Insufficiently Self-Sufficient

Self-sufficiency is a concept that divides many people. Some view it as the bedrock of sustainable living, while others view it as a pre-cursor to poverty. To do everything on your own, or within your group, means to ignore the benefits provided by a division of labor.

Those in favor of the concept  point out the importance of simplistic living, a sense of community, and effects on the environment. Perhaps there’s an intangible benefit of feeling wholesome about the world around you.

All these points have their own merit, but it’s important not to fall prey to hollow symbolism. Civil eats has a good post that highlights the flaws in the US’s attempt to be “fish-sufficient” by 2020:

Food & Water Watch’s new report reveals that if the government used factory fish farming to reach its stated goal of offsetting the U.S. seafood trade deficit (that is, importing less seafood than it exports), 200 million of these fish would need to be produced in ocean cages off U.S. coasts each year. Calculations show that this could result in the discharge of as much nitrogenous waste as the untreated sewage from a city nearly nine times more populous than Los Angeles.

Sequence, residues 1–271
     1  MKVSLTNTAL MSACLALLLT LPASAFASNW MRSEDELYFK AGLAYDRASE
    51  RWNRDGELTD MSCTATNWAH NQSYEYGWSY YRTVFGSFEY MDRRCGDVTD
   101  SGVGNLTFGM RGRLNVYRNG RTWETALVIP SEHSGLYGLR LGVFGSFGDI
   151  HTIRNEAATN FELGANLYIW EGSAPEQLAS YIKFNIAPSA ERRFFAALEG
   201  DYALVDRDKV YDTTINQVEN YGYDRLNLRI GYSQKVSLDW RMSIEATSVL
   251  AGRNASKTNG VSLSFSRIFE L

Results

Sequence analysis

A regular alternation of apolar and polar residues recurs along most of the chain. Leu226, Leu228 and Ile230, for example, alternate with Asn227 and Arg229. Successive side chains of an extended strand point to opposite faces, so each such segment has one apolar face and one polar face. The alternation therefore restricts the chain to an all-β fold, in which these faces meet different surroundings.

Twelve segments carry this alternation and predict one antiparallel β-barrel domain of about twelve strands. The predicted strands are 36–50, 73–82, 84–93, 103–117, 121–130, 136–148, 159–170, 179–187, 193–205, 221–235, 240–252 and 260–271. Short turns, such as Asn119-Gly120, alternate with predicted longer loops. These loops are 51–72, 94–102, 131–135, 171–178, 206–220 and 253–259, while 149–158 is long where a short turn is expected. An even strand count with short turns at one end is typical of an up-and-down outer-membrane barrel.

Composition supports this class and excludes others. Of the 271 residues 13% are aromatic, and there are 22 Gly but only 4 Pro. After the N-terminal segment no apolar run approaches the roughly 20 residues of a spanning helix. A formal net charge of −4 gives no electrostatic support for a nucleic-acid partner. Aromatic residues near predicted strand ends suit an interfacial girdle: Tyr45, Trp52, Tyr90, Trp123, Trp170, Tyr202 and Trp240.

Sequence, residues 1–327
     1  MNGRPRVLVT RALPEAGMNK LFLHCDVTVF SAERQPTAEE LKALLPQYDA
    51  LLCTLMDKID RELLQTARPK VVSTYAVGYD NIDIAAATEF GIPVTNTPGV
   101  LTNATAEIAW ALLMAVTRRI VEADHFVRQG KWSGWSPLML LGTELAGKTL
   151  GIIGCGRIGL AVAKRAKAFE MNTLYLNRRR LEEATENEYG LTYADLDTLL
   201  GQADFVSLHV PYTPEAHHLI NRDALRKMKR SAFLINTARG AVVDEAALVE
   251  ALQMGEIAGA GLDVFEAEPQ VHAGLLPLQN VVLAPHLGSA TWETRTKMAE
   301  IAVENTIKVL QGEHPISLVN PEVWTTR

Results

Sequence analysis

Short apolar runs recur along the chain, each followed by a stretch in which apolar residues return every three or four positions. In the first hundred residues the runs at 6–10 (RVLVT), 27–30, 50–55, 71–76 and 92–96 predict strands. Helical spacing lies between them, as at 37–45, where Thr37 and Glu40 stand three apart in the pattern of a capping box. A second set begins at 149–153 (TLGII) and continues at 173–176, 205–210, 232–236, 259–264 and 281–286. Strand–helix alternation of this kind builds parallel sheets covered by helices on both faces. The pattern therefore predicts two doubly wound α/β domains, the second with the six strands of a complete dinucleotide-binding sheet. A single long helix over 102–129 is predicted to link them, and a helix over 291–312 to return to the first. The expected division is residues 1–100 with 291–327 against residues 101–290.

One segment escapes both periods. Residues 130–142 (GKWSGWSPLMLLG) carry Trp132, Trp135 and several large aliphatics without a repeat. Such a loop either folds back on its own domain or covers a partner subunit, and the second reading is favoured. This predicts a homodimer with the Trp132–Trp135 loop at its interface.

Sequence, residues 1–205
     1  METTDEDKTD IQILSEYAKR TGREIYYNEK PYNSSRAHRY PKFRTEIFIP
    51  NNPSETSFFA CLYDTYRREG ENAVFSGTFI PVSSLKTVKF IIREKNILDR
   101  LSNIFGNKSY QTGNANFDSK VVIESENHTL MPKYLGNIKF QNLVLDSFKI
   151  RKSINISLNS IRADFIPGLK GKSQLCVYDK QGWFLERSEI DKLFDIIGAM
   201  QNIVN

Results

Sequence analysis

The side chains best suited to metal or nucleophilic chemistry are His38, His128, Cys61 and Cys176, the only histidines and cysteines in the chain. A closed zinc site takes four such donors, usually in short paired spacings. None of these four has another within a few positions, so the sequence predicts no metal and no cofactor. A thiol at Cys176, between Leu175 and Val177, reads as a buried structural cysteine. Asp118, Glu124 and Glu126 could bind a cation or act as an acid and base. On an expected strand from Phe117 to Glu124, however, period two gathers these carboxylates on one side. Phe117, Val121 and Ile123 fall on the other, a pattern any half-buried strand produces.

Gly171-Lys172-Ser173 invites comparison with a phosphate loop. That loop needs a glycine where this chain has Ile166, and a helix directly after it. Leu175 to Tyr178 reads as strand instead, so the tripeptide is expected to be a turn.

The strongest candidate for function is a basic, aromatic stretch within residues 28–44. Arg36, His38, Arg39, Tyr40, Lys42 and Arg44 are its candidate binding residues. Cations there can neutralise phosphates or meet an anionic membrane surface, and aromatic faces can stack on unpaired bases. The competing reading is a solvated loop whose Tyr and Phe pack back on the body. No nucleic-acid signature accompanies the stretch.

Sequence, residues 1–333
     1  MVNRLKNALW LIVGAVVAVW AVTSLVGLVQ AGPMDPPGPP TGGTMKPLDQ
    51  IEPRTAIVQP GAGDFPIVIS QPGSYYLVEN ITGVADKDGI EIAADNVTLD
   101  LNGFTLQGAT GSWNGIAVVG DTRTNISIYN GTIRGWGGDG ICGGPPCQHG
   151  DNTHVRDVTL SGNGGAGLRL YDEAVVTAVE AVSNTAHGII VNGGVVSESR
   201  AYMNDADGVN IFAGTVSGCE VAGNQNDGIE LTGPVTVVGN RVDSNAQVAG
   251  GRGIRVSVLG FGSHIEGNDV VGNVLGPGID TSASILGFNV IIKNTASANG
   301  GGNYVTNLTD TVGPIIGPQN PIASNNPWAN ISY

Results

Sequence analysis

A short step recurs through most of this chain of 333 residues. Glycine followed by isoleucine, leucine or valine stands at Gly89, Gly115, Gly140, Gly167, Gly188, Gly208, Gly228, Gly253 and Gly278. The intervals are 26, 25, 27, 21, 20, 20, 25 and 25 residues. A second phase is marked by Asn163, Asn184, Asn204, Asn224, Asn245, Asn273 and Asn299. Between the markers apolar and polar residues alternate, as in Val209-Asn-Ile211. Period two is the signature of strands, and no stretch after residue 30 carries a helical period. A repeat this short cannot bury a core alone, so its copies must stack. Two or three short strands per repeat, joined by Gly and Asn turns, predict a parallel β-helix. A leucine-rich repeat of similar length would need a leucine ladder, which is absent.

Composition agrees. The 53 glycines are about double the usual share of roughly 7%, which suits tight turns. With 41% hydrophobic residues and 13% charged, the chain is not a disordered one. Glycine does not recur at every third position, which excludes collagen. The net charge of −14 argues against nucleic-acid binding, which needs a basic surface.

There are health detriments too. The nutritional quality of fish differs by region and its farming environment, and fish grown in sub-optimal conditions often require large amounts of other fish to be fed to them in order to keep them healthy.

1 thought on “Insufficiently Self-Sufficient”

  1. I think sustainability has to be viewed in the context of what sort of society you’re already operating in. If you’re a “developing” nation with a small environmental footprint, then starting new industries in a particular way has a lot of potential. However, if you’re already in a country where industries have established practices, then it’s hard to jerk them into something new without unintended consequences.


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